Most, if not all, cancer cells proliferate much faster than normal cells. Thus, studying how cancer cells proliferate faster than normal cells is a key in understanding cancer biology. The mammalian target of rapamycin (mTOR) pathway is a cellular pathway that controls cell proliferation and this pathway is commonly dysregulated in many cancers. Therefore, understanding the role of mTOR pathway in cell proliferation is important. When cells are activated to proliferate, the first thing they do is producing a lot of proteins. To make more proteins in cells, they need to make more messenger RNAs (mRNAs) from DNA. The whole procedure is called gene expression and mRNA is a key molecule in this procedure. Thus, the questions of how mRNAs are made and how they are regulated in cancer mechanisms are important questions to ask to understand cancer at a molecular level. Generally, mRNA undergoes very complicated process to make it competent for protein synthesis in cells. Recently, we discovered a pervasive production of truncated mRNAs when mTOR is activated in cells. The truncated mRNAs are produced by dysregulation of one of the steps during mRNA synthesis in cells. The cellular consequence of this phenomenon is the production of truncated proteins. Usually, fundamental elements of many proteins are consisted of catalytically active domains and regulatory domains. The active domain represents the function of a protein and the regulatory domain is a platform for fine-tuning of the protein activiy regulated by other cellular proteins. Interestingly, many truncated proteins produced by mTOR activation were lacking the regulatory or catalytic domain. This suggests that mTOR activation produces many deregulated super isoform proteins by truncation and this could be a driver to fast cell proliferation and cancer initiation at a molecular level. Based on this, we hypothesize that the same phenomena happen when cancer cells are activated to proliferate by mTOR. We searched cancer databases and found numerous candidate mRNAs for truncation in cancer, which was not recognized previously. Our goals in this proposal are to find them and understand their function in cancer cell proliferation using a series of experiments employing high profiling technologies including next generation sequencing and multi-dimensional LC-MS/MS. More importantly, we will narrow down the list of cancer-specific truncated mRNAs and finalize the critical truncated mRNAs by validating their existence in cancer patient database. The identified cancer-specific truncated mRNAs will be new targets in cancer research and provide novel platforms for the development of multiple biomarkers at both protein and RNA levels.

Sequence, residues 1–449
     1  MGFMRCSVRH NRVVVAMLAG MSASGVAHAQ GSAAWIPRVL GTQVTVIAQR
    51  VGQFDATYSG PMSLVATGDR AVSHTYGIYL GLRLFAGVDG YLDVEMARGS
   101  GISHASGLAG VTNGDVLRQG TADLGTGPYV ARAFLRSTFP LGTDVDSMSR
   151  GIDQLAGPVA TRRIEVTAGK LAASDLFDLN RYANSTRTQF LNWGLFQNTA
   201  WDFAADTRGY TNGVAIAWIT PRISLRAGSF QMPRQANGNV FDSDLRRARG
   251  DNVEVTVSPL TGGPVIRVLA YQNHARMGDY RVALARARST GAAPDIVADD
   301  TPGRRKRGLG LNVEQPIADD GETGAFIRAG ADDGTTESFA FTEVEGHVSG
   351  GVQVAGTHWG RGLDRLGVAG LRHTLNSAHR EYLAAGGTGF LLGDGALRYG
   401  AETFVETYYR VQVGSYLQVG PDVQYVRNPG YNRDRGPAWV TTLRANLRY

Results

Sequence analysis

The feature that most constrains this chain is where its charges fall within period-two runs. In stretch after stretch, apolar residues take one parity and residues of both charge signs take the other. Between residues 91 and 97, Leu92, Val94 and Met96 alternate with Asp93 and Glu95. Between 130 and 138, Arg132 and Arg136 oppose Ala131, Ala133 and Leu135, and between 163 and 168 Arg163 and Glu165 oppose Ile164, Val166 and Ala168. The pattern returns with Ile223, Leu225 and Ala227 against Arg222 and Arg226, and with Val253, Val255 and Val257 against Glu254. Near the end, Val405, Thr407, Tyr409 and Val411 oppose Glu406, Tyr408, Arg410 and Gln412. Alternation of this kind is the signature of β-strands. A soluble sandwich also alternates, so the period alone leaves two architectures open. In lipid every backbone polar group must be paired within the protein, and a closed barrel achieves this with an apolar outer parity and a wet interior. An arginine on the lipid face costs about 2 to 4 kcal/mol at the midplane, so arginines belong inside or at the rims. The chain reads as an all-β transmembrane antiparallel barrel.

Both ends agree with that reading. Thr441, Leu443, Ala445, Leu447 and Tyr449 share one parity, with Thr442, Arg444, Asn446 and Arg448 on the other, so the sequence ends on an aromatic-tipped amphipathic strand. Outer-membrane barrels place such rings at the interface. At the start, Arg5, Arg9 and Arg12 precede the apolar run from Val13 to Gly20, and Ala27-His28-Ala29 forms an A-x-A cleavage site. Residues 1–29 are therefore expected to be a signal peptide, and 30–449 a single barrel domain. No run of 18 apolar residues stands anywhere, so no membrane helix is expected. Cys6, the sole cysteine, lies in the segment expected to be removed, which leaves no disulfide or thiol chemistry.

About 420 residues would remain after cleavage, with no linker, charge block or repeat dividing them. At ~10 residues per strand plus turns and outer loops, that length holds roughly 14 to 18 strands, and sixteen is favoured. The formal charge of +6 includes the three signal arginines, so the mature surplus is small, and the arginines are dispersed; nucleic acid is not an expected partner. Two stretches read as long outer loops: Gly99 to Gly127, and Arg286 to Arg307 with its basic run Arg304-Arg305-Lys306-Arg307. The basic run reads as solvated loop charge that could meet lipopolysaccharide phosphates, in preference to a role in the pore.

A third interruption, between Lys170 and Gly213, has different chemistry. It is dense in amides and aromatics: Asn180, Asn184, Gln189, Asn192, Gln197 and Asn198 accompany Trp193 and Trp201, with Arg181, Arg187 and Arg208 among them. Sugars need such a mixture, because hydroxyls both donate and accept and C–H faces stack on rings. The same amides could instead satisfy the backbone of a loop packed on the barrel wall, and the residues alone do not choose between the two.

Public Health Relevance

The mTOR pathway is crucial in cell proliferation/growth and is central in the development of numerous human diseases including cancer. Therefore, investigating the role of this pathway in cellular mechanisms at a molecular level is fundamental to understand cancer development. The proposed study will investigate the function of brand new molecules produced by mTOR activation during mRNA processing and profile them in cancer cells and apply the list of these molecules to cancer patient datasets.

Agency
National Institute of Health (NIH)
Institute
National Institute of General Medical Sciences (NIGMS)
Type
Research Project (R01)
Project #
1R01GM113952-01A1
Application #
9027407
Study Section
Molecular Oncogenesis Study Section (MONC)
Program Officer
Gaillard, Shawn R
Project Start
2015-09-17
Project End
2020-08-31
Budget Start
2015-09-17
Budget End
2016-08-31
Support Year
1
Fiscal Year
2015
Total Cost
$291,467
Indirect Cost
$93,967
Name
University of Minnesota Twin Cities
Department
Biochemistry
Type
Schools of Medicine
DUNS #
555917996
City
Minneapolis
State
MN
Country
United States
Zip Code
55455
Chang, Jae Woong; Yeh, Hsin Sung; Yong, Jeongsik (2017) Alternative Polyadenylation in Human Diseases. Endocrinol Metab (Seoul) 32:413-421
Yeh, Hsin-Sung; Yong, Jeongsik (2016) Alternative Polyadenylation of mRNAs: 3'-Untranslated Region Matters in Gene Expression. Mol Cells 39:281-5